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Brian A. Kahn and John P. Damicone

Drip-irrigated, stake-and-weave supported tomato (Lycopersicon esculentum) plots were established in 2005 and 2006. All plots (except controls) were treated with a kaolin particle film product (Surround WP) mixed at 0.5 lb/gal of water and applied with a pressurized hand sprayer. Sprays began after transplanting and were repeated as needed to maintain a particle film on the foliage. Sprays were discontinued either at anthesis, at first green fruit 5 cm in diameter, or at first colored fruit harvest. Multiple hand harvests were made as fruit matured. In 2005, all kaolin treatments reduced marketable fruit number and weight, whereas in 2006 there were no significant effects. Cull fruit weight and average weight per marketable fruit were unaffected by treatments during either year. Results indicate that when applied before harvest begins, Surround may not improve marketable yields of fresh tomatoes.

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Brian A. Kahn, John P. Damicone and Raymond Joe Schatzer

Benomyl was compared with copper hydroxide, azoxystrobin, tebuconazole, acibenzolar-S-methyl, and basic copper sulfate for efficacy of cercospora leaf spot [incited by Cercospora brassicicola P. Henn] management on turnip greens [Brassica rapa L. var. (DC.) Metzg. utilis]. Treatments included various application times and were evaluated in three field experiments over 2 years. The few yield effects that occurred were not consistent between years. Copper hydroxide and basic copper sulfate were not useful alternatives to benomyl due to a combination of phytotoxicity symptoms and ineffective disease control. Inconsistent results were observed with acibenzolar-S-methyl. A single, early application of tebuconazole greatly reduced cercospora leaf spot severity relative to the control in both years. Tebuconazole may be a good alternative to benomyl if a label can be obtained. Multiple (at least two) applications of azoxystrobin may be needed to achieve the same degree of cercospora leaf spot control as would result from a single properly timed application of benomyl. Although azoxystrobin is now labeled for turnip greens, grower costs will likely increase as a result of benomyl being discontinued. Chemical names used: methyl-1-[(butylamino)carbonyl]-H-benzimidazol-2-ylcarbamate (benomyl); methyl (E)-2-{2-[6-(2-cyanophenoxy)pyrimidin-4-yloxy]phenyl}-3-methoxyacrylate (azoxystrobin); alpha-[2-(4-chlorophenyl)ethyl]-alpha-(1,1-dimethylethyl)-1H-1,2,4-triazole-1-ethanol (tebuconazole); 1,2,3-benzothiadiazole-7-thiocarboxylic acid-S-methyl-ester (acibenzolar-S-methyl).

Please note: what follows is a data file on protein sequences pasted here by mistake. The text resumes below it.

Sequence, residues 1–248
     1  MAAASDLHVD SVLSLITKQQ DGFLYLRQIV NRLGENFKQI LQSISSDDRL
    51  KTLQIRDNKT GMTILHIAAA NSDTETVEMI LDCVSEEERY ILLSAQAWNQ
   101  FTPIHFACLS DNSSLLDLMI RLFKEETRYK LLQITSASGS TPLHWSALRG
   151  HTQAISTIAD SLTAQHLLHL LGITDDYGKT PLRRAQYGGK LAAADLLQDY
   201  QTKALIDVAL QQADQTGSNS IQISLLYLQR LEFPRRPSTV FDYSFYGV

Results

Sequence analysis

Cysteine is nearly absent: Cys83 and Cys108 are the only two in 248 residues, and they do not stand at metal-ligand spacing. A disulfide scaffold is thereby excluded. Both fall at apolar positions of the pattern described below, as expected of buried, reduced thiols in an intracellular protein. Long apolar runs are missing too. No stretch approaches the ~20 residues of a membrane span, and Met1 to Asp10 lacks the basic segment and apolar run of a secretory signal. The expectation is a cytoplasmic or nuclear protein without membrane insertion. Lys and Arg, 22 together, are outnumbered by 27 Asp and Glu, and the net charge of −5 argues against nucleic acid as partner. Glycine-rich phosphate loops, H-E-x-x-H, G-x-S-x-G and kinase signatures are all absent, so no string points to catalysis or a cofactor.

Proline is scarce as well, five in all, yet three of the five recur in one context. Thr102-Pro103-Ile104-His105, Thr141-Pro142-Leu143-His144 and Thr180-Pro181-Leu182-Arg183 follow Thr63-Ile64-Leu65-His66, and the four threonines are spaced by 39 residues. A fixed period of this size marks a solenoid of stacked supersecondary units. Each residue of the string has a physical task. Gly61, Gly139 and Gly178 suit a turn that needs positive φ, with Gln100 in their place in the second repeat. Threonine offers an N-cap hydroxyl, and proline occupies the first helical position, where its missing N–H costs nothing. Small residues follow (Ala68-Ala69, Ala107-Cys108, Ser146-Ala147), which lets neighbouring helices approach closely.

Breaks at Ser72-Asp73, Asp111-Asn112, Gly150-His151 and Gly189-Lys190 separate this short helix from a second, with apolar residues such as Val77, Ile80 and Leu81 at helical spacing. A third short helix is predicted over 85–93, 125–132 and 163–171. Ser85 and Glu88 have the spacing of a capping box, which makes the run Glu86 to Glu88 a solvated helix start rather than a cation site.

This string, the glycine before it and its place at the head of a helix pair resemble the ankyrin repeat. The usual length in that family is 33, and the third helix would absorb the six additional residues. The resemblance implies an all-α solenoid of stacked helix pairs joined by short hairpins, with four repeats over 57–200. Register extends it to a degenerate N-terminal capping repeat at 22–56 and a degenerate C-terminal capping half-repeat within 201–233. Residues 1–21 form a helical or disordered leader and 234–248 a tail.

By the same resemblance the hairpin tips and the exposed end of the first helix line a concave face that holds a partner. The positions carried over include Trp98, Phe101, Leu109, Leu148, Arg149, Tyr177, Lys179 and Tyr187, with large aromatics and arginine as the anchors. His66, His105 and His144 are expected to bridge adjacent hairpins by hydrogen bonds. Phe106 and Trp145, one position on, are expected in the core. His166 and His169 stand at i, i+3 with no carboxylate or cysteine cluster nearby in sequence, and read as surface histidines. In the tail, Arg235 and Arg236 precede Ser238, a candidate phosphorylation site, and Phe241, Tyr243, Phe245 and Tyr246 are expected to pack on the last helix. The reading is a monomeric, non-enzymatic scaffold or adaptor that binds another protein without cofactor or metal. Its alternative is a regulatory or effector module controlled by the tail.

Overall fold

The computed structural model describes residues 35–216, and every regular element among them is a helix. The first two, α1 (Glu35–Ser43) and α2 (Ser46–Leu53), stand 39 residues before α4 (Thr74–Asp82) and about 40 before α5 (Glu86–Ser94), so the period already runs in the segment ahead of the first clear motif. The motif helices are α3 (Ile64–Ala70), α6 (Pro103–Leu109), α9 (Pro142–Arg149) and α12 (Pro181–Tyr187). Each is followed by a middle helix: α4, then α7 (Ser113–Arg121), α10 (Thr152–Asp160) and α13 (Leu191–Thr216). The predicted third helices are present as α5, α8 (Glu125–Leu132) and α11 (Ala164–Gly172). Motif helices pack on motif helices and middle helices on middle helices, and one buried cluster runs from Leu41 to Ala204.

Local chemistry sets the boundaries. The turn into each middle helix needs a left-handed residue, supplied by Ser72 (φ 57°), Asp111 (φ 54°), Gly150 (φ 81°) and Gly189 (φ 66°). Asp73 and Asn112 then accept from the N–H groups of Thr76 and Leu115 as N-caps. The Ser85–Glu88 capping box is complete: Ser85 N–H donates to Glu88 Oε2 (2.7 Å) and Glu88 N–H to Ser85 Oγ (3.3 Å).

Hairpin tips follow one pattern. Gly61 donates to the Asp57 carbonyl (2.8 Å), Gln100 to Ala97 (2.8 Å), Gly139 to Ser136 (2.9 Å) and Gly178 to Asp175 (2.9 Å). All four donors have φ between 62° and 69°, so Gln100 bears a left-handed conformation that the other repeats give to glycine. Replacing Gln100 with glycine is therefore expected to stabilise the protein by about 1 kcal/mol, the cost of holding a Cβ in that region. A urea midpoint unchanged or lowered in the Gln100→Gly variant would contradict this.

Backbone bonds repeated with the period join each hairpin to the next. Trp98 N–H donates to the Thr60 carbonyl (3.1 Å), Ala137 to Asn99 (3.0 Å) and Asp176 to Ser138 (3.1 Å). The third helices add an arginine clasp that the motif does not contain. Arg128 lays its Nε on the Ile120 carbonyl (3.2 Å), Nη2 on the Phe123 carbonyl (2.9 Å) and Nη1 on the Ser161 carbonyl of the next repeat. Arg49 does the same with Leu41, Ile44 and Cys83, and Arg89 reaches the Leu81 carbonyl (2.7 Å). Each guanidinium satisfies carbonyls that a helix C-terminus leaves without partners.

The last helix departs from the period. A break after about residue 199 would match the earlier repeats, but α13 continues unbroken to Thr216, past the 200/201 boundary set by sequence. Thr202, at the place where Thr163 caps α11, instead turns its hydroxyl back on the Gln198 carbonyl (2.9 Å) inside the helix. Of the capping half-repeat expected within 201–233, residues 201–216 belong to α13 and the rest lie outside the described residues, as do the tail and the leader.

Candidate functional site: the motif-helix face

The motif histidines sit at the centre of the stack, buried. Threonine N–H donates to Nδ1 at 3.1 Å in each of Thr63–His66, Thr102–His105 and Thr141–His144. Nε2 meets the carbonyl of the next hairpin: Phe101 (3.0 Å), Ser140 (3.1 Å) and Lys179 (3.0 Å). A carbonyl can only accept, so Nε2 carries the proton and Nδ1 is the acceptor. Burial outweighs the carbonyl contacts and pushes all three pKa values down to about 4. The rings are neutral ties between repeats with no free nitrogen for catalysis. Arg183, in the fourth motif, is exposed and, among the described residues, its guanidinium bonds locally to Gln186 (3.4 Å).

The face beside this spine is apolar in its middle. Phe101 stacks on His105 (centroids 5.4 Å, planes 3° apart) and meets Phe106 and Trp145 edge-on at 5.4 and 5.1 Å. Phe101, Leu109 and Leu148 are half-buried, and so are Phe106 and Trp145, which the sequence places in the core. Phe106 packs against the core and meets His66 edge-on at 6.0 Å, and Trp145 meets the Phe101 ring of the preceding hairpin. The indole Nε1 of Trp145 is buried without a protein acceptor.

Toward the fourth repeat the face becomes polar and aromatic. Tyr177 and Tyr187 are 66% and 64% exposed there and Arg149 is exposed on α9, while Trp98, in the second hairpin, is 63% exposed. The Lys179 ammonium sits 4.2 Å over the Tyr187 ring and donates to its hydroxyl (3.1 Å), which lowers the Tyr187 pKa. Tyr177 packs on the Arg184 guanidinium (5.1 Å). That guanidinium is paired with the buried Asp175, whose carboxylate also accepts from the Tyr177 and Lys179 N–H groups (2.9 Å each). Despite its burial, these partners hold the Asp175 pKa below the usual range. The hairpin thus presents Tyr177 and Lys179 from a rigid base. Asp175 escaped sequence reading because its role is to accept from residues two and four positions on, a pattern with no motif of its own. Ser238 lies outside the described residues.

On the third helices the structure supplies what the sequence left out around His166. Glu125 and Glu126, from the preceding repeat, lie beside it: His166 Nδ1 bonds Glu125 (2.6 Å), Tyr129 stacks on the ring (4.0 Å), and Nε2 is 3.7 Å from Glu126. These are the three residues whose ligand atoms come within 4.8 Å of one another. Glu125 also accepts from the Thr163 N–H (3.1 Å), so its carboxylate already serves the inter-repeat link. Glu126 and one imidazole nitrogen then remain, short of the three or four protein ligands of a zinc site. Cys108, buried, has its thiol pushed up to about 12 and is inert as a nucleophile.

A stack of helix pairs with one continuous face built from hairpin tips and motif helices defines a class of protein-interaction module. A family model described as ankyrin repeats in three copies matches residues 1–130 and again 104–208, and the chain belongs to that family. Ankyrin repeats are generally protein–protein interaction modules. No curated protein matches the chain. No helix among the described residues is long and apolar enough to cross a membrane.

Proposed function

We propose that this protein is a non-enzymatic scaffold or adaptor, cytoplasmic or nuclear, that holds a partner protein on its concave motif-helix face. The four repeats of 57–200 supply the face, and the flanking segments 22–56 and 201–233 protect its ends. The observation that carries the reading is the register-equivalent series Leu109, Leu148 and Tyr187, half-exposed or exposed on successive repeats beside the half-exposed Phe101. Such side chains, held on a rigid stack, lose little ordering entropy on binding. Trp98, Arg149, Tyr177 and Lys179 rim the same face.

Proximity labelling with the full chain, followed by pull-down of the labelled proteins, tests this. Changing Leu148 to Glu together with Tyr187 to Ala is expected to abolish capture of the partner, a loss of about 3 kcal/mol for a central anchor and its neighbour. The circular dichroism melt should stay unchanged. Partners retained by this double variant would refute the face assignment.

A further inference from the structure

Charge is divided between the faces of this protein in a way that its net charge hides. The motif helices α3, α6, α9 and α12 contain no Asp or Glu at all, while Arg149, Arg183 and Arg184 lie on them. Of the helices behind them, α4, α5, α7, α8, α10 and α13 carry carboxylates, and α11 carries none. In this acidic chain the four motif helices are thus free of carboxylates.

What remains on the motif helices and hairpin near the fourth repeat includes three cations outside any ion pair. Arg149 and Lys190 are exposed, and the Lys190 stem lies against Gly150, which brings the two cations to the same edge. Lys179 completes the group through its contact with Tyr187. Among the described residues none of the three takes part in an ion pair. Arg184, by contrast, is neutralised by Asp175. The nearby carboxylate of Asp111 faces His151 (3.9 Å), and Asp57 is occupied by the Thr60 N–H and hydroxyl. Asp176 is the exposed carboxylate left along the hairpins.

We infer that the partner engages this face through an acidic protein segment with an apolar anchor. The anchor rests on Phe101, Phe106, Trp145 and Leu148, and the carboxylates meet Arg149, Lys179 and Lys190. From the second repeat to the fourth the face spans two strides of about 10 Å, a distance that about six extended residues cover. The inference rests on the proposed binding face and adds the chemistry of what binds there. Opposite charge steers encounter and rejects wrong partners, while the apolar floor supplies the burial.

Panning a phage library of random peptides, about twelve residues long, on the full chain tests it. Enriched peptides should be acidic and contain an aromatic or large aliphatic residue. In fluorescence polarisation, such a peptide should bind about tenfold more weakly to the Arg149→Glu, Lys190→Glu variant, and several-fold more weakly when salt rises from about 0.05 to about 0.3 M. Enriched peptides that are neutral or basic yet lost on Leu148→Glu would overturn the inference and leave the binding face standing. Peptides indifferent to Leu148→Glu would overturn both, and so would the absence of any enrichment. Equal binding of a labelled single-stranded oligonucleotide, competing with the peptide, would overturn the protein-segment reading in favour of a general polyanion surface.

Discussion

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Brian A. Kahn, John P. Damicone, Kenneth E. Jackson, James E. Motes and Mark E. Payton

Nine nematicide treatments were evaluated from 1993 through 1995 in field experiments on paprika pepper (Capsicum annuum L.). Materials tested included a chitinurea soil amendment and six chemicals: fosthiazate, carbofuran, aldicarb, oxamyl, fenamiphos, and 1,3-dichloropropene (1,3-D). Stands at harvest were increased relative to the control by chitin-urea, fosthiazate, and 1,3-D, but only fosthiazate increased marketable fruit yield relative to the control. Aldicarb reduced preharvest nematode populations relative to the control, but aldicarb did not result in a significant fruit yield increase. Chitin-urea was the only treatment to produce a net increase in nematode counts from preplant to preharvest in all three years. Although fosthiazate was promising, nematicide treatments were of limited benefit under the conditions of these studies. Chemical names used: (RS)-S-sec-butyl O-ethyl 2-oxo-1,3-thiazolidin-3-ylphosphonothioate (fosthiazate); 2,3-dihydro-2,2-dimethyl-7-benzofuranyl methylcarbamate (carbofuran); 2-methyl-2-(methylthio)propionaldehyde O-(methylcarbamoyl)oxime (aldicarb); methyl N′N′ -dimethyl-N-[(methylcarbamoyl)oxy]-1-thiooxamimidate (oxamyl); ethyl 3-methyl-4-(methylthio)phenyl(1-methylethyl) phosphoramidate (fenamiphos).

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Brian A. Kahn, John P. Damicone, Kenneth E. Jackson, James E. Motes and Mark E. Payton

Nematodes (Meloidogyne sp.) are a potential problem when paprika peppers (Capsicum annuum L.) are grown in fields historically planted to peanuts (Arachis hypogaea L.). Nine nematicide treatments were evaluated over 3 years in field experiments on paprika pepper. Materials tested included the chitin nematicide ClandoSan and six chemicals: fosthiazate, carbofuran, aldicarb, oxamyl, fenamiphos, and dichloropropene. Stands at harvest were increased relative to the control by ClandoSan in 2 of 3 years. Other horticultural effects (plant dry mass and fruit yield) were minimal for all nine nematicide treatments. No one nematicide treatment consistently reduced nematode counts at harvest relative to the control. Nematode counts at harvest were greater in plots treated with ClandoSan than in plots treated with any other material in 2 of 3 years. Nematicide treatments were not cost effective under the conditions of these studies.